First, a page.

Non-24 Hour Sleep Wake Disorder

Non-24 Hour Sleep Wake Disorder, also called non-24, is a sleep disorder that works in cycles. It occurs when you have issues with your circadian rhythm and your internal body clock becomes unbalanced.

Most people’s body clocks run for 24 hours or slightly longer, but when a person has Non-24 Sleep Wake Disorder, their body clock is significantly longer or shorter. This creates cycles of insomnia and cycles of sleeping well. Low energy and excessive sleeping during the day are very common.

What Are the Symptoms?

With Non-24 Hour Sleep Wake Disorder, there are a lot of similar symptoms as other sleep disorders. Some of the more common symptoms that present themselves are excessive daytime sleepiness, cyclic insomnia where you are very tired and then very awake, and abnormalities related to the 24-hour day and night cycle.

Because with Non-24, there are cycles of poor sleep and cycles of good sleep, the cyclic nature is the best way to tell the difference between Non-24 and other sleeping disorders. It can be hard to diagnose without these unique sleeping and insomnia patterns. Therefore, it is a good idea to record your sleep patterns each day, and lifestyle choices surrounding those patterns, in order to look for symptoms of Non-24.

How Is It Diagnosed?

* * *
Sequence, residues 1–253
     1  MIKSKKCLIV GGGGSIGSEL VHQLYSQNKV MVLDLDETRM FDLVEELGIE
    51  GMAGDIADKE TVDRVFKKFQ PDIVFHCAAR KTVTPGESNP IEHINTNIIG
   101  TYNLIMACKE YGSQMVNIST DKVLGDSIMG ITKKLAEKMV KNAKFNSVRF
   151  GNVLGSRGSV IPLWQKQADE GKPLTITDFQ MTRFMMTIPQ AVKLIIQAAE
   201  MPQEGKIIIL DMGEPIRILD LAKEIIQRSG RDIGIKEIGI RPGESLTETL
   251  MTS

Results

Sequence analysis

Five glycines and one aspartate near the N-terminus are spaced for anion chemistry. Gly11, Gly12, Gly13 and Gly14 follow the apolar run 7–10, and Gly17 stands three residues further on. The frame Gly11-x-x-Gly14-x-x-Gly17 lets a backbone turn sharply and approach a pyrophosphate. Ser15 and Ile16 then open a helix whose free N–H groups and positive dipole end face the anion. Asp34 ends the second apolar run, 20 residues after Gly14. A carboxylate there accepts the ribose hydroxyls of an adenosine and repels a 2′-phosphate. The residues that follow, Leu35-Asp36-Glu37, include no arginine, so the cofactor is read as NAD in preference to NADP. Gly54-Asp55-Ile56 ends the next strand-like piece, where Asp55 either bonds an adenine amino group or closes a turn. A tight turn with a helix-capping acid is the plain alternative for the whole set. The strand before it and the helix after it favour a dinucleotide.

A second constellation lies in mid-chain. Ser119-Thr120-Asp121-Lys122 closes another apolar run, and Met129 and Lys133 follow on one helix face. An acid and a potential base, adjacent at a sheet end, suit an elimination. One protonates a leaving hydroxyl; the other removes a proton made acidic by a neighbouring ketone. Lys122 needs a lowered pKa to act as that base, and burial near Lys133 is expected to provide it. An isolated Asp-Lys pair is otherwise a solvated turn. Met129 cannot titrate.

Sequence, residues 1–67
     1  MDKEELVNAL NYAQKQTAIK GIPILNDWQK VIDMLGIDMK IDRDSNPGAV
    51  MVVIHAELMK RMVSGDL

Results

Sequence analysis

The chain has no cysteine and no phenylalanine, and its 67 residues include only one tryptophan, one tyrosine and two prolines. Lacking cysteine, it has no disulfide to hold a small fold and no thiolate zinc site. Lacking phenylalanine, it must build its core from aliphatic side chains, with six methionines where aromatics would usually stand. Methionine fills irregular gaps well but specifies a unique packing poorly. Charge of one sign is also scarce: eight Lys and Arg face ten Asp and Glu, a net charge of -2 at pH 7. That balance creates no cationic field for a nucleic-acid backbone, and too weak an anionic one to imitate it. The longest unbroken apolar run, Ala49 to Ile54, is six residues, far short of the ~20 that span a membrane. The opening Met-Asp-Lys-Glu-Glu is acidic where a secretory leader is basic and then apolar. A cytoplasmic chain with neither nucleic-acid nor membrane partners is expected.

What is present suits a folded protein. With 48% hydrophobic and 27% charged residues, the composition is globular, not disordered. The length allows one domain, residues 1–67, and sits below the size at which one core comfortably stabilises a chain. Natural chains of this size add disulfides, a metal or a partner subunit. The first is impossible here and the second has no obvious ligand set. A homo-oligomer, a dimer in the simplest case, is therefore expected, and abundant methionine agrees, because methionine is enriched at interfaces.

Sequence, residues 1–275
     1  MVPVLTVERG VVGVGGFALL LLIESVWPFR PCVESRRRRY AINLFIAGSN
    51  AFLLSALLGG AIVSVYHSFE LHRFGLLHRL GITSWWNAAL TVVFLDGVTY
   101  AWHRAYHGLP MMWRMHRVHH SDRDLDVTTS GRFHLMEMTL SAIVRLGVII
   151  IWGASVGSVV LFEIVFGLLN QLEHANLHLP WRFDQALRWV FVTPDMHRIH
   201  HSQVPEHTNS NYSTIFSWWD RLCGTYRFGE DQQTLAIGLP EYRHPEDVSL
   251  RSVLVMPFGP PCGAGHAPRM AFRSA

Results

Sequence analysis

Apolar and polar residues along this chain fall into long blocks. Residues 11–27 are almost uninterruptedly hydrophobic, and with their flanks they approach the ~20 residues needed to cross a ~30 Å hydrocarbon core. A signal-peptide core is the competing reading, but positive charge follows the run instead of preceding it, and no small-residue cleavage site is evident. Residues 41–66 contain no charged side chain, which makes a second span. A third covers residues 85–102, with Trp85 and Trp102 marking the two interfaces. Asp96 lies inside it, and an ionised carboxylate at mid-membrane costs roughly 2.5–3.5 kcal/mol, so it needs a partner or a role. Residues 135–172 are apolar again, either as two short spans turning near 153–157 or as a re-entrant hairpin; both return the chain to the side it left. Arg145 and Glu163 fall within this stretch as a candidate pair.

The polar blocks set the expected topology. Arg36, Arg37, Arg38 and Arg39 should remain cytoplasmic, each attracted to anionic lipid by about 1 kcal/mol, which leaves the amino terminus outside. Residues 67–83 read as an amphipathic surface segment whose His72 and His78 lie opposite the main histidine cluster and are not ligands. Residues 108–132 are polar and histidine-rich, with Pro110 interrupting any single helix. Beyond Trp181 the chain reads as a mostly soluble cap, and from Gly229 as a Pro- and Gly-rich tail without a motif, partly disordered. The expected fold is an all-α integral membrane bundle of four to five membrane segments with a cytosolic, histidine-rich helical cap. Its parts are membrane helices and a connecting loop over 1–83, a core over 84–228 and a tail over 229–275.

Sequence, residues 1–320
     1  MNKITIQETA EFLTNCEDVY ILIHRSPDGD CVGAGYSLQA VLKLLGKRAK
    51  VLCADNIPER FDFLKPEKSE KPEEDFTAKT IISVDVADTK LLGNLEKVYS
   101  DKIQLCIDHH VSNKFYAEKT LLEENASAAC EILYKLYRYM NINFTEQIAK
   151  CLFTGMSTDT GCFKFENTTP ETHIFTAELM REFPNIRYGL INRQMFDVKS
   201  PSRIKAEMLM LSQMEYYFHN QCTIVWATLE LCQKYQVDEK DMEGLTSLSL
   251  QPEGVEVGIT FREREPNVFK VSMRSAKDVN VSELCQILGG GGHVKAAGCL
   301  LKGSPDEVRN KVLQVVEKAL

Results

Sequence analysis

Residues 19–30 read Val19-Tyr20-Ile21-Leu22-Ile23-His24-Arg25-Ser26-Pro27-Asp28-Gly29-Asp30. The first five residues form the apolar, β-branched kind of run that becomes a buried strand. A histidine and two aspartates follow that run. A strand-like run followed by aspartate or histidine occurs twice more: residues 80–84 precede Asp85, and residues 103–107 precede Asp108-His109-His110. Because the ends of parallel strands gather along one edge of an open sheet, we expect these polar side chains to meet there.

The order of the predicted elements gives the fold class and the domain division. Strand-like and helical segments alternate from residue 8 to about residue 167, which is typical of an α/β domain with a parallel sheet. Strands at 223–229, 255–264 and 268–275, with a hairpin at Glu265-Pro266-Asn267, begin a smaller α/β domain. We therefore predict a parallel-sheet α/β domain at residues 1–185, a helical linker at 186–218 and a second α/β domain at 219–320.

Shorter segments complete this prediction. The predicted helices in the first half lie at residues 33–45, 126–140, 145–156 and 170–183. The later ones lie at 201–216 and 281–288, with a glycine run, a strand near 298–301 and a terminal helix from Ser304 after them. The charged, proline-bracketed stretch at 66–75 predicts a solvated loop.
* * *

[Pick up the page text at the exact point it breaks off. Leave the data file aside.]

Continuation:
Non-24 is misdiagnosed frequently, so you should seek a health professional with experience dealing with sleep disorders. Proper diagnosis begins with a physical exam to rule out other possible causes for the sleep disturbances, as well as to learn about the  symptoms you are experiencing.

You will also need to provide your history and if you have ever had problems with sleeping of this nature. When the doctor thinks you have a problem with your internal body clock, they will ask you to keep a record of your sleep for several weeks or months, which is why keeping a daily record is good to start as soon as you can.

What Are the Treatment Options?

The focus of treatment for Non-24 Sleep Wake Disorder is to reprogram your body’s internal clock so that it fits the typical 24-hour day night cycle. There are a few different treatment options, including:

Phototherapy.  Light exposure through phototherapy is one of the top treatments that doctors suggest for non-24. Light exposure is important to humans and various other mammals in order to correct the timing of the internal body clock. If the person has sight and they have a Non-24 circadian rhythm, light therapy, also referred to as bright light therapy, can correct the delay. However, for blind patients with Non-24, light exposure therapy is not always useful, and they must try one of the other options.

Medications. Another treatment option for Non-24 sleep-wake disorder is taking certain medications. The medication Tasimelteon has been approved by the FDA for treating Non-24 Sleep-Wake Disorder in those who are blind and those who have their sight. It helps target the melatonin receptors in the brain that control the sleep-wake cycle.

Melatonin.  Melatonin can also be suggested for both sighted and blind patients, which is a hormone produced by the pineal gland. It can help provide results similar to light exposure, but works for those without sight as well.

If you find that you sleep well for a day, then have insomnia for a day, and it continues indefinitely in this fashion, see your doctor to find out if you have Non-24 Sleep-Wake Disorder.

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